Geoff Nelder is one of those writers who seems to be able to work across multiple genres seamlessly. There’s always an element of action, a hint of steamy romance, and his trademark twist. In his latest novel, Xaghra’s Revenge, the twist is a mixture of history, science, horror and fantasy. The research that underlies this novel is obviously impeccable. The narrative is built on the true story of Turkish pirate Rais Dragut, a brutal and deranged man who, in 1551, captured the entire population of Gozo, one of the Maltese islands, and sold whoever survived the terrible journey into slavery in Northern Africa.
This novel is more than just another a period piece of fiction. Crowhurst has written an evocative experience: a time-machine back to three and a half centuries ago into a world so unlike the present day that it actually become entangled and is essentially involved in generating our present heritage. This is set in a time before those childhood nursery rhymes were yet to be constructed as political satire and when the Dutch were the current adversary. Mix up the wrong potion and you could be accused of witchcraft.
Burns’s novel is set in Chicago in 1919. Her choice of poem to quote at the beginning and set the tone for the story is inspired. “Working Girls”, by Carl Sandburg, is about the “river of young woman-life” in that city, as factory and office girls headed off to work each morning. He contrasts the “green” stream of young innocent energy with the “gray” stream of more experienced women who say, “I know where the bloom and laughter go, and I have memories.”
In the end, one of the main characters enjoys a sober happiness, but under it “ran a thin vein of sorrow what millions like her would feel down the years.” To educate readers while entertaining them is no small achievement. Simonson deserves critical as well as popular acclaim for pulling it off in a subtle way.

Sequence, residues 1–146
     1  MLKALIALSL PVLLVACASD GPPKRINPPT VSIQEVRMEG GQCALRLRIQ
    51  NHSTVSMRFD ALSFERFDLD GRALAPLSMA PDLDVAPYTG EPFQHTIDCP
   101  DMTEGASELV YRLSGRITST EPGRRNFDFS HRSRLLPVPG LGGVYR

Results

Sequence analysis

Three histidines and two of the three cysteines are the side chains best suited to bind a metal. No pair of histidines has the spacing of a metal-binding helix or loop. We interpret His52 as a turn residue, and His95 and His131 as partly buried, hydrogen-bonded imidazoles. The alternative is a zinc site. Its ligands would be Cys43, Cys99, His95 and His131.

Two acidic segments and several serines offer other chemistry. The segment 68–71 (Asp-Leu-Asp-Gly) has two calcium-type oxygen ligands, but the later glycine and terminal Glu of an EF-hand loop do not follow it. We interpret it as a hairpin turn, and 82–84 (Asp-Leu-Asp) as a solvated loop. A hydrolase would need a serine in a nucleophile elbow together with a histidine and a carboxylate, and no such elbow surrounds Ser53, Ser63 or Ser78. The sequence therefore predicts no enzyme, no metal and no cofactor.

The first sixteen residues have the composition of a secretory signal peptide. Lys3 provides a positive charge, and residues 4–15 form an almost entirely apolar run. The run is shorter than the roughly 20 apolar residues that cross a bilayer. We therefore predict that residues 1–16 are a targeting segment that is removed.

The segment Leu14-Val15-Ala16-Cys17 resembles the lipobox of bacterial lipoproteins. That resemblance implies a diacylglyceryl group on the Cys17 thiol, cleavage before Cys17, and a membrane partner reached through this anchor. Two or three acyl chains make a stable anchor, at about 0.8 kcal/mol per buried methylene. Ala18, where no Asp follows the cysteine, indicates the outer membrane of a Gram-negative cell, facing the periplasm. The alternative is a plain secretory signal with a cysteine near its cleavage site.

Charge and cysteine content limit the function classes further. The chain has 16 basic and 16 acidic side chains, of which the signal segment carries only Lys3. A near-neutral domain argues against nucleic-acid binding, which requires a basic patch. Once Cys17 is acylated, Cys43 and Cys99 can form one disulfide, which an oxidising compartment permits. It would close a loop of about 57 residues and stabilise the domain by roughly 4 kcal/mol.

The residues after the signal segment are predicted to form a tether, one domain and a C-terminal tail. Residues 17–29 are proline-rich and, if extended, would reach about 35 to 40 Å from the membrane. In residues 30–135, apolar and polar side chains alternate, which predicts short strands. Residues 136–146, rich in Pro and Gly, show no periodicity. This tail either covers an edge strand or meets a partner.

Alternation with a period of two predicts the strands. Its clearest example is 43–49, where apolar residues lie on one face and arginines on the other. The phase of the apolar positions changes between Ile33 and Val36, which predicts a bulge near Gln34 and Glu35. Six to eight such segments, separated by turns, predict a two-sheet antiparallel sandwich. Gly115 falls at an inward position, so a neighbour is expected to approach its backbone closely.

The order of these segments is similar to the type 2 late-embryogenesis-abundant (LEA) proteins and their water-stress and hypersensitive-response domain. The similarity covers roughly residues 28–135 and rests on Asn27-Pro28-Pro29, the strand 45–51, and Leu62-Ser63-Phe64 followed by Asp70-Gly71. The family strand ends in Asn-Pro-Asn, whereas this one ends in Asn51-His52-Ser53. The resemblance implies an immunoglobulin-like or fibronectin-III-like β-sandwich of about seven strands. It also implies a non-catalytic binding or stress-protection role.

I would categorize this book as historical fiction first and foremost, though it is touted as magical realism. I had this in the back of my mind as I read, but other than Beulah’s mysterious arrival in town and her omnipresence for most of the rest of the book, the “magical realism” elements weren’t obvious—until the end. This is where Graham’s gift of storytelling shines through
The “bonus” in “Bonus Army” or “Bonus Expeditionary Force” refers to the bonus for wartime service, a tradition in the U.S. ever since the War of Independence. A law passed in 1924 during the Coolidge administration stipulated that World War I veterans were to get a bonus in the form of a certificate redeemable twenty years later. In 1930 and 1931, when the impact of the economic downturn following the 1929 stock market crash was making itself felt, unemployed veterans demanded their bonus immediately.
Anselme’s approach is to dig deep into the attitudes and motivations of three soldiers who are home on leave, let loose in Paris for a week or two. He shows us the distance between civilians safely ensconced at home and combatants who are fighting an unpopular war – a situation we have since come to know only too well. For sure, there is no sanctuary: these three guys may as well be ghosts, they’re on their own. Adrift from lovers, friends and family.
No One is here Except All of Us is an exquisite, circular tale that takes us back to where we started – where we all start – at birth, where we create the world afresh. It’s full of wonder even in the midst of the most dire tragedies. Beautifully written, full of pain and poetry, this is a book that opens histories most intense and painful moments and shows what survives: love and DNA.
The names of these characters alone would be enough to inspire a novel, but Forsyth goes deeper, exploring a range of themes that includes the impact of tyranny (shown on multiple levels – both domestic and historical), emotional strength and weakness as manifested in drug addiction and prejudice, and the enduring power of the human spirit and love even when under great duress. In short, The Wild Girl is a novel that speaks, like the fairy tales that are woven deftly throughout the narrative, to the very nature of human existence in all of its frailties and strengths.
It would be a shame if readers overlook this vivid, sensuous novel because of the plain cover and cryptic title. Written in the third person, it reveals the heart and mind of a girl in her late teens who blossoms in the art world. Irish-born, London-based Cherry Smyth, the author, is uniquely qualified to write such a novel, being an art critic, curator, poet and creative writing professor.